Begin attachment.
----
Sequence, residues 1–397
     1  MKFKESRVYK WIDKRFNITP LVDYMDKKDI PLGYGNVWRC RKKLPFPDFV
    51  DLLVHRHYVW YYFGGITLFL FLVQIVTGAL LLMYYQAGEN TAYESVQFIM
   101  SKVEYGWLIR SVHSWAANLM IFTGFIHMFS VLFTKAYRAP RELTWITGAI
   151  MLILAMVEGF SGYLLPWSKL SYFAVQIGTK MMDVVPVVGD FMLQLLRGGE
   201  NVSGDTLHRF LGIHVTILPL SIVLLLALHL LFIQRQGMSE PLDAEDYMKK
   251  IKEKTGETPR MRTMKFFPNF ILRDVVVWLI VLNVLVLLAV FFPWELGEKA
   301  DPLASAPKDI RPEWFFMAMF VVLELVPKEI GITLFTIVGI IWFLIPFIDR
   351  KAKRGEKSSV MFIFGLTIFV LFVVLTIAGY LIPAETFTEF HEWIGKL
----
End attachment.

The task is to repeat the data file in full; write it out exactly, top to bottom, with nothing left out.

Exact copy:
Sequence, residues 1–397
     1  MKFKESRVYK WIDKRFNITP LVDYMDKKDI PLGYGNVWRC RKKLPFPDFV
    51  DLLVHRHYVW YYFGGITLFL FLVQIVTGAL LLMYYQAGEN TAYESVQFIM
   101  SKVEYGWLIR SVHSWAANLM IFTGFIHMFS VLFTKAYRAP RELTWITGAI
   151  MLILAMVEGF SGYLLPWSKL SYFAVQIGTK MMDVVPVVGD FMLQLLRGGE
   201  NVSGDTLHRF LGIHVTILPL SIVLLLALHL LFIQRQGMSE PLDAEDYMKK
   251  IKEKTGETPR MRTMKFFPNF ILRDVVVWLI VLNVLVLLAV FFPWELGEKA
   301  DPLASAPKDI RPEWFFMAMF VVLELVPKEI GITLFTIVGI IWFLIPFIDR
   351  KAKRGEKSSV MFIFGLTIFV LFVVLTIAGY LIPAETFTEF HEWIGKL